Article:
On Wed, 17 May 2000, Ralf Baechle wrote:
> This world also has an economic part and there a machine that is written
> of in the books, that is after just a few years, has no more value and
> even becomes a burden. So in most companies perfectly usable and even
> adequate configured machines get replaced. At this point the manufacturers'
> interested in supplying services also decays because there is just no more
> sufficient customer demand and economic justification to keep spare parts
> (read: dead capital) and trained personal. For private customers it's
> not that much different, usually the machine goes to the dustbin when
> the newest slash & kill 3D games are turning into a slide show. So
> after just a few years most manufacturers will flush everything including
> the old documentation down the drain. Add the fact that the companies
> of interest are mostly US located where people change their job more
> often than their pants ...
Of course -- but I do think that the cost of retaining docs is minimal,
at least when compared to profits gained from the respective equipment.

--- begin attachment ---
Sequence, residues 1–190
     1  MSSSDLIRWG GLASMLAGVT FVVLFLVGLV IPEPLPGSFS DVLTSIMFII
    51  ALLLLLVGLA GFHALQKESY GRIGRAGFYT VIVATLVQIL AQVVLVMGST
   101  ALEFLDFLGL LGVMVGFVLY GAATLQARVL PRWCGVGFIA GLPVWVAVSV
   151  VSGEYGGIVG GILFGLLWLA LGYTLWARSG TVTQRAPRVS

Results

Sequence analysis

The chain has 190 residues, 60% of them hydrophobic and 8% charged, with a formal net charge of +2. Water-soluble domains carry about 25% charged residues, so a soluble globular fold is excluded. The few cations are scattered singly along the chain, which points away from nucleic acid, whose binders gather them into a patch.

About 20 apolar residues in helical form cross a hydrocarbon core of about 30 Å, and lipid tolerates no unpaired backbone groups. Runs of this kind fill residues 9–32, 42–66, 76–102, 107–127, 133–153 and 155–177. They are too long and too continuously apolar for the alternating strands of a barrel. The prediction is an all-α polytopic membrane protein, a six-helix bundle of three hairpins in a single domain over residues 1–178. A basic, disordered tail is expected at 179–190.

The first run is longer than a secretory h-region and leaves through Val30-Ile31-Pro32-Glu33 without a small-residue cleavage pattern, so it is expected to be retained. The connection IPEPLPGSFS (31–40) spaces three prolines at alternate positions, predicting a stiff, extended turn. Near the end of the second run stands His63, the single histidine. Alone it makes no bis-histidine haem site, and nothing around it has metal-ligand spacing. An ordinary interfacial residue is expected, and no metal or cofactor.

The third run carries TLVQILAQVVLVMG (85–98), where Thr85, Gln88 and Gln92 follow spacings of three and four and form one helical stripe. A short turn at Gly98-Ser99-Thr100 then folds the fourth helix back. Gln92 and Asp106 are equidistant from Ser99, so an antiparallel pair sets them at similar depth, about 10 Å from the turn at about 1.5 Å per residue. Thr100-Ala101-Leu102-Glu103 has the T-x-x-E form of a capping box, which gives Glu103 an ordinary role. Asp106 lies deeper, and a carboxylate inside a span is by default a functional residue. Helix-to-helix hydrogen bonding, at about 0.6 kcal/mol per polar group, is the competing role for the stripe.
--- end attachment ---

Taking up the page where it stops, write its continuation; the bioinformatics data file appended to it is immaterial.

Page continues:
Upon the commercial end of life of some stuff an action of preserving docs
might be performed by the team that used to support it. I don't think
putting docs somewhere on an FTP server takes more than a few days and
then hard drives are so cheap there is no point in not keeping such data
> Specs are a bit special, though. You wouldn't believe how many high
> tech specs don't exist in a form that is publishable. That's very common
Actually I do understand it -- I've never been much enough inclined to
work on docs as opposed to making real stuff. As long as they are not
handwritten notes on unsorted pieces of paper, but some sort of electronic
document, which I would expect to be the case these days, they are still
> in places where the authors of the specs and it's readers are close to
> each other, that is in traditional system companies such as Digital, SGI,
> Sun or HP. Their motivation to actually produce high quality documentation
> used to be relativly low since at the time of product development the
> assumption was that they'd never ever publish the specs.
I do not need a high quality docs -- I think anything that lets deduce
component's operation is much enough to make it useful. And these bits
must be written somewhere anyway, as I wouldn't treat human's mind perfect
enough to be the only source of technical details. It's much too
> Free operating systems are changing the rules of the game, so expect
> the way documentation is handled to change as well.
Well, better late than never, but there is still plenty of excellent
equipment out there which loses against crappy old PCs because of lack of
+ Maciej W. Rozycki, Technical University of Gdansk, Poland +
+ e-mail: email@example.com, PGP key available +